Iranian scientists may attend N. Korea nuclear test

Dozen Iranian officials likely involved technically in recent missile test; tensions between North, South Korea soar.

North Korean Unha-3  Rocket 370 (photo credit: REUTERS)
North Korean Unha-3 Rocket 370
(photo credit: REUTERS)
North Korea will soon carry out a nuclear experiment and Iranian scientists could be present at the explosion site, sources familiar with the issue told The Jerusalem Post on Monday.
Iranian officials from the Shahid Hemmat Industrial Group observed a failed North Korean rocket launch on April 13, according to a report by the South Korean Yonhap news agency.
Although Seoul has neither confirmed nor denied the report, it believes that a delegation of a dozen Iranian scientists may have been technically involved in North Korea’s failed long-range rocket launch, which it said was a satellite launch.
Now, the Islamic Republic may be planning a presence at North Korea’s upcoming third nuclear test as well.
South Korean government sources said on Sunday that North Korea appears to have completed preparations for the test, and would need only to push a button to detonate an atomic bomb.
The test could come as soon as the next couple weeks.
North Korea has tested two atomic bombs in recent years, once in 2006 and again in 2009 – both times after it carried out failed missile tests.
The North’s nuclear weapons program is mainly based on plutonium, while Iran is mostly relying on uranium in its efforts to build a bomb. Yet some analysts believe that Tehran may be pursuing a parallel secret plutonium nuclear program. Similarly, North Korea is also known to have enriched uranium through spinning centrifuges.
On April 15, North Korea exhibited 3-stage missiles at a military parade, which security analysts said were liquid- fuel intermediate-range projectiles, putting US territory such as Hawaii or Alaska within target range.
While some believed the missiles were mock-ups, US and German defense experts said they believed the exhibitions were closely based on actual missiles in North Korea’s possession.
Iran’s own missile program is based on North Korean missile engines.
The suspected Iranian presence and involvement comes as tensions between Seoul and the totalitarian North Korea soared.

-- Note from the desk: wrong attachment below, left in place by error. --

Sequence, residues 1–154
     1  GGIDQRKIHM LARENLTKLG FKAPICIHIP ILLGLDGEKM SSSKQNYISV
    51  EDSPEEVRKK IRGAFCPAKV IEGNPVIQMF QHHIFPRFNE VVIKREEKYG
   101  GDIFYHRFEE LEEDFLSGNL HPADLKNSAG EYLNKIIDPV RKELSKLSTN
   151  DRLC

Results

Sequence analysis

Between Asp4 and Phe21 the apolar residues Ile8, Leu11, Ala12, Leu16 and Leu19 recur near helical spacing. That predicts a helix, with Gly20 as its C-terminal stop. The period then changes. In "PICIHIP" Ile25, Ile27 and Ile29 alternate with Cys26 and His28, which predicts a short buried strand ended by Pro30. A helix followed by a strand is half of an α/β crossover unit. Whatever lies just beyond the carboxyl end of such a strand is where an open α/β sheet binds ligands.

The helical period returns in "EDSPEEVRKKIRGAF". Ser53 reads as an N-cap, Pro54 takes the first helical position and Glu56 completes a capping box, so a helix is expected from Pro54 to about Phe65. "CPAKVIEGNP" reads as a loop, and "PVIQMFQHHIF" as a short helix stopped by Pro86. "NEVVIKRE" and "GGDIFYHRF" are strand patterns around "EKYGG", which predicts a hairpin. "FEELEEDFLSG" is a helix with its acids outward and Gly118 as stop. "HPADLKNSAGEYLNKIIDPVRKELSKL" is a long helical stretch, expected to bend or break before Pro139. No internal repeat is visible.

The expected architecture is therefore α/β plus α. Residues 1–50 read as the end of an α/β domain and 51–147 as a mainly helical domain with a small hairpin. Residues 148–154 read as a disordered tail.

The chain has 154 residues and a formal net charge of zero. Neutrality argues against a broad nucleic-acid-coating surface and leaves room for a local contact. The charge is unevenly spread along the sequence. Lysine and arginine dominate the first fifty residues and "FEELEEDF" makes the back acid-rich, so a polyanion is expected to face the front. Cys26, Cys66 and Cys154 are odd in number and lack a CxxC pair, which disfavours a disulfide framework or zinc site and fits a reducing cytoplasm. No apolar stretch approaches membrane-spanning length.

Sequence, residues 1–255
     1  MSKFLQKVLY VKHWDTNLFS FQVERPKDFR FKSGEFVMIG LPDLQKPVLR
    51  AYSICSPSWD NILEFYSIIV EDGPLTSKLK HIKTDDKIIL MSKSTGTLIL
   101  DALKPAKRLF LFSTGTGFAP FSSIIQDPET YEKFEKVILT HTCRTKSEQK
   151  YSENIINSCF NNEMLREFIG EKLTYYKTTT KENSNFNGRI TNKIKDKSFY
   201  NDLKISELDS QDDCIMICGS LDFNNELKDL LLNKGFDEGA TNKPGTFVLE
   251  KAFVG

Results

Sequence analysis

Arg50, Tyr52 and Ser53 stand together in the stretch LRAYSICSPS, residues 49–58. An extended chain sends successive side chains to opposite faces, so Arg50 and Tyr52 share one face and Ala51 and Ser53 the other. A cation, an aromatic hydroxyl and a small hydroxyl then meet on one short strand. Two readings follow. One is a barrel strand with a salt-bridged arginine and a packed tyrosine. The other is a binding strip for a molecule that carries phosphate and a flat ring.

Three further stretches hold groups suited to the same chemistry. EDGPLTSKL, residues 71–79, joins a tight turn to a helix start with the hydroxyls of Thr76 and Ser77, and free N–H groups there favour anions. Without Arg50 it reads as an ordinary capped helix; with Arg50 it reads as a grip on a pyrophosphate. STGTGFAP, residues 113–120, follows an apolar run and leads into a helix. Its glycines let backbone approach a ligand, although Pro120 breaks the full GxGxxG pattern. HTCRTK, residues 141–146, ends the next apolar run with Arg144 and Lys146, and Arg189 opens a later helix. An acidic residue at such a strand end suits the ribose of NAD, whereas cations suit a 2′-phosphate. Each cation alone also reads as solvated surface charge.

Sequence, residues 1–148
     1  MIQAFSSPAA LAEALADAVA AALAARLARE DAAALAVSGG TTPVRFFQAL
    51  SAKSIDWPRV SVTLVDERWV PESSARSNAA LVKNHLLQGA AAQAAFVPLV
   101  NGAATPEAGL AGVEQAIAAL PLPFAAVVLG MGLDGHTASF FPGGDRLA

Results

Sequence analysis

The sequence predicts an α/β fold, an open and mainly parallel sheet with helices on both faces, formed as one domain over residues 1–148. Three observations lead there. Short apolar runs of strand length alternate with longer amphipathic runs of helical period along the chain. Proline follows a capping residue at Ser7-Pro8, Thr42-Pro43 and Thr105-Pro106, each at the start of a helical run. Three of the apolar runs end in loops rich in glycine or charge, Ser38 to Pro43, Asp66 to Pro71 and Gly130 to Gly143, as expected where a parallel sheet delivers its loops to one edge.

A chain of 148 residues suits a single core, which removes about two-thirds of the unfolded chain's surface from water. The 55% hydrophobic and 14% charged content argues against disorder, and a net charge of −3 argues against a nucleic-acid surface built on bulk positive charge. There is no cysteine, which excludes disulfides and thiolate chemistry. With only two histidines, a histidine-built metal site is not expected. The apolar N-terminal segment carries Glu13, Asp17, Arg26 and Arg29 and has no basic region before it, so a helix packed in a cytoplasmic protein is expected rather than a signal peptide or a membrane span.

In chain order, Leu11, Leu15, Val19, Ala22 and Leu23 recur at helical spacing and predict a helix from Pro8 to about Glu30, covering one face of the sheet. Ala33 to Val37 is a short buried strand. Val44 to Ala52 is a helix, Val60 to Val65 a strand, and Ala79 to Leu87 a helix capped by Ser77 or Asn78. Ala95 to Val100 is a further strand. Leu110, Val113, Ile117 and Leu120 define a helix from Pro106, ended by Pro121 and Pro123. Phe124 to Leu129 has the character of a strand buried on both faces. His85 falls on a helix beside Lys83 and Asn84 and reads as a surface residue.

Pyongyang issued repeated threats this month to carry out “special action” against South Korea and “to annihilate reckless challenges from rebellious elements.”
The messages threatened to “raze all sources of provocation to the ground with unprecedented special means and our own methods” within three to four minutes.
“Do they still not understand our determination to retaliate?” an official North Korean website said this week, adding that “revolutionary forces never utter empty words.”
South Korea is taking the threats seriously due to the fact that Kim Jong-Un is a new leader and little is known about him. According to assessments by South Korean military experts, an attack could take the form of unmanned flying vehicles with explosives attached to them known as “suicide drones,” rocket attacks such as those fired at the South last year, or terror attacks on strategic sites such as power plants and water sites. Civilian targets like subway systems could be also be attacked.
“North Korea’s criticism and threats against South Korea have gone to extremes,” wrote Cheon Soengwhun of the Seoul-based Korean Institute of National Unification, in a recent paper. “It seems that words no longer matter and only actions are left.”
Soengwhun stressed that the South Korean public heavily criticized North Korea for pouring some 2 billion dollars – the equivalent of 30 percent of its annual budget – into celebrations of its late leader’s birthday, while its population starves and the country remains impoverished.
The paper noted that South Korea’s Ministry of National Defense said it would “adamantly punish North Korea in the case of its provocation.”
Last year, North Korea sunk a South Korean naval corvette and shelled an island under South Korea’s control, sparking fears of an all-out war.